Our Gardens

The recreated kitchen garden at Schneider Haus National Historic Site represents a traditional Pennsylvania-German settler's garden of the mid 1800's in Ontario. It contains some of the most typically grown vegetables, herbs, and medicinal plants of the time and is set out in the four square plan favoured by Mennonites.

The four beds allowed crops to be rotated which helped to control pests. The raised soil beds ensured fast spring warming and early planting, extending the productivity of the garden by allowing additional planting as the season progressed. The size of the garden varied with the size of the family. The Schneider Haus garden is somewhat smaller than the average size of 55 to 66 square feet.

The garden contained vegetables, culinary herbs, flowers, and medicinal herbs, the produce of which the family depended heavily upon throughout the entire year.

The interior beds of the garden were planted with vegetables, while herbs were generally planted along the borders just inside the garden gate. A picket fence enclosed the garden, principally to keep the barnyard animals out. The fence was whitewashed every spring, generally a child's chore, with a mixture of unslaked lime mixed with water to a thickness so that it could be applied with a brush.

Once the men in the family had worked the spring manure into the garden, they took no further part in its upkeep. They were more concerned with the Schtick later called the truck patch, an area dug beyond the fence for larger crops such as corn and potatoes. Today, a small Schtick is located on the other side of Queen Street.

The women tended the garden assisted by the children. The children knew not to leave footmarks on the freshly turned earth of the beds so they walked between the rows of vegetables on a board provided for the purpose and spent hours keeping the paths free of weeds. On Sunday, no work was done, but visitors were taken outside to admire the progress of the garden.

Self-sufficiency was of paramount importance to early settlers and the garden played a major role in providing food for the long winter months. Drying and pickling were two methods used to preserve garden produce. The fermentation of cabbage to make sauerkraut was another. Large quantities of cabbage were grown for this purpose. Cabbage seedlings were started in the Grautkutch, a type of coldframe raised high off the ground to guard against insects and frost, and later transplanted to the garden. Other plants were started in standard cold frames or in clay pots in the house.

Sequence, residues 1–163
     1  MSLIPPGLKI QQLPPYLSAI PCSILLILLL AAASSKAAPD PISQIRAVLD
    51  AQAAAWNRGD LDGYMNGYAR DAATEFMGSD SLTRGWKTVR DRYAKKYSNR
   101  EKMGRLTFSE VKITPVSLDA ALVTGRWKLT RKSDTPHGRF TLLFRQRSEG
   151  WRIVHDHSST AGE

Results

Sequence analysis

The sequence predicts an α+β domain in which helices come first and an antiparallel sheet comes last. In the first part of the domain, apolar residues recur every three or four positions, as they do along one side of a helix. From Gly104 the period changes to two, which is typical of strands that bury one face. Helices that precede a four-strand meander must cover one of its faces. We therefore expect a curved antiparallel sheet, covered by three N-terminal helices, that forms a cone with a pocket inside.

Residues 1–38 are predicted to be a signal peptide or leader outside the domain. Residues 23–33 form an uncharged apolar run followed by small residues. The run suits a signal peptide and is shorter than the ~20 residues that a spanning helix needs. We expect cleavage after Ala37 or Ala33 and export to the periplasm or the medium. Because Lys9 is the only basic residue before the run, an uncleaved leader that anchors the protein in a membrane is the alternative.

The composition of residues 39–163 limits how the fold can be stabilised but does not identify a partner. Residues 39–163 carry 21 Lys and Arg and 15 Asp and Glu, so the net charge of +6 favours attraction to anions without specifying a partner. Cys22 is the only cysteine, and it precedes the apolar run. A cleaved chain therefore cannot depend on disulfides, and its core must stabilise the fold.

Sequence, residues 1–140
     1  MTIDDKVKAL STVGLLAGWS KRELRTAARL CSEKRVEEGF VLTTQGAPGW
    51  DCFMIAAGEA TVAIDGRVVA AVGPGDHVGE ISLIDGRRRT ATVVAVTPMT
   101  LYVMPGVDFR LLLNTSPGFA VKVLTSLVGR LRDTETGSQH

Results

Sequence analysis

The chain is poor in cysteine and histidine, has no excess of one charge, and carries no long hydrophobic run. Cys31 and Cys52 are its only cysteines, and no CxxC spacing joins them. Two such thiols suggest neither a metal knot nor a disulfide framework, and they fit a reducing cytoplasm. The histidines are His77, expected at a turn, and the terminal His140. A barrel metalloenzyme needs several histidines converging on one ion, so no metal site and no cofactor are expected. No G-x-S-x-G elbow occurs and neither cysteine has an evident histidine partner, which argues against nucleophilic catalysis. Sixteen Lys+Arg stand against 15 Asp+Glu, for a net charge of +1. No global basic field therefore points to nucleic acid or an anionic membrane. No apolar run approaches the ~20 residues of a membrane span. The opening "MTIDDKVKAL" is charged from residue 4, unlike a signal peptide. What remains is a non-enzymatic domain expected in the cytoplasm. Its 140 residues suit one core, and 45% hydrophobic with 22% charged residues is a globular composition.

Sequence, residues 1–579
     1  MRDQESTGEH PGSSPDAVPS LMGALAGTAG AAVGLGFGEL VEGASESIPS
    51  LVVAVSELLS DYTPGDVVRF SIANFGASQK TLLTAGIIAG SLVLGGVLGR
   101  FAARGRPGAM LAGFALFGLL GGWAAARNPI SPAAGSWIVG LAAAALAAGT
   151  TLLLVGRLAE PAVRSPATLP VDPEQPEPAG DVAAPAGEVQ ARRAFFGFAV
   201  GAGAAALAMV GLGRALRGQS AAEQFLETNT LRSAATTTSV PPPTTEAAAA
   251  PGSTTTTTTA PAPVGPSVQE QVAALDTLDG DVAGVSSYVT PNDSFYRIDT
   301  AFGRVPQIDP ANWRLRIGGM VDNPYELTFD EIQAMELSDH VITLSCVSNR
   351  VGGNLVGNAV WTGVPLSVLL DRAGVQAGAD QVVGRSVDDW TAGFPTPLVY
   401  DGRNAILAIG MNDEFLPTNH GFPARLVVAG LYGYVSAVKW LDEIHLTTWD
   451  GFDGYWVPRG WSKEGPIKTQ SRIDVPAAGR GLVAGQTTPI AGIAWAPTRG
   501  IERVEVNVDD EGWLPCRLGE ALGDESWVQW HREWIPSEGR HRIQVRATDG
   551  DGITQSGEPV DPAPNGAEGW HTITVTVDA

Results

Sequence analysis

Planting was often ruled by astrological signs. Plants such as beans and cucumbers which grew above the ground were planted in the sign of Gemini (the twins) during the ascent of the moon, but seeds for plants below the ground were put in the soil during the sign of Libra (the scales), when the moon was in descent. Certain days were favoured for planting specific plants, for example in Pennsylvania, St. Gertrauts' Day on March 17, was considered as suitable for cabbage. Failure to follow these values, it was believed, would result in bug-infested plants.

Dialect names were given to the plants in the garden, names which often reflected the plant's primary use. Savory was called Bohnegreidel (bean plant) because it was a favoured seasoning for green beans. Sweet basil was called Fersomlingshaus Graut because its spicy fragrance could freshen the air and bunches were taken by the women to the Meeting House during the summer weather.

Folklore often dictated where in the garden a plant should be grown. Two medicinal plants Alder Mon (Old Man) and Aldy Frau (Old Woman) were traditionally placed well apart on either side of the gate, otherwise "Der Ald Mon macht die Aldy Fraut doet" - the old man would kill the old woman.

Many of the vegetable seeds planted at Schneider Haus are the result of careful research of 1800s vegetables conducted by groups such as Seeds of Diversity Canada, and the heirloom Seed Project at Landis Valley, Pennsylvania. These specimens approximate the varieties the Schneiders had, resembling them closely in growth, taste, genetic make-up and, in some cases, lack of quality and resistance to disease. Seeds from the garden are saved annually to be replanted the following growing season, a practice the family also followed. Small linen bags were used to store seeds.

Throughout the year the museum's interpretation includes the four-square garden. In the spring our Getting Ready for Spring theme weekend is when staff clean their tools, turning over the soil, starting seeds and more. In the summer months, staff are in the garden caring for the plants, and on fall weekends they focus on the drying and preserving of the harvest.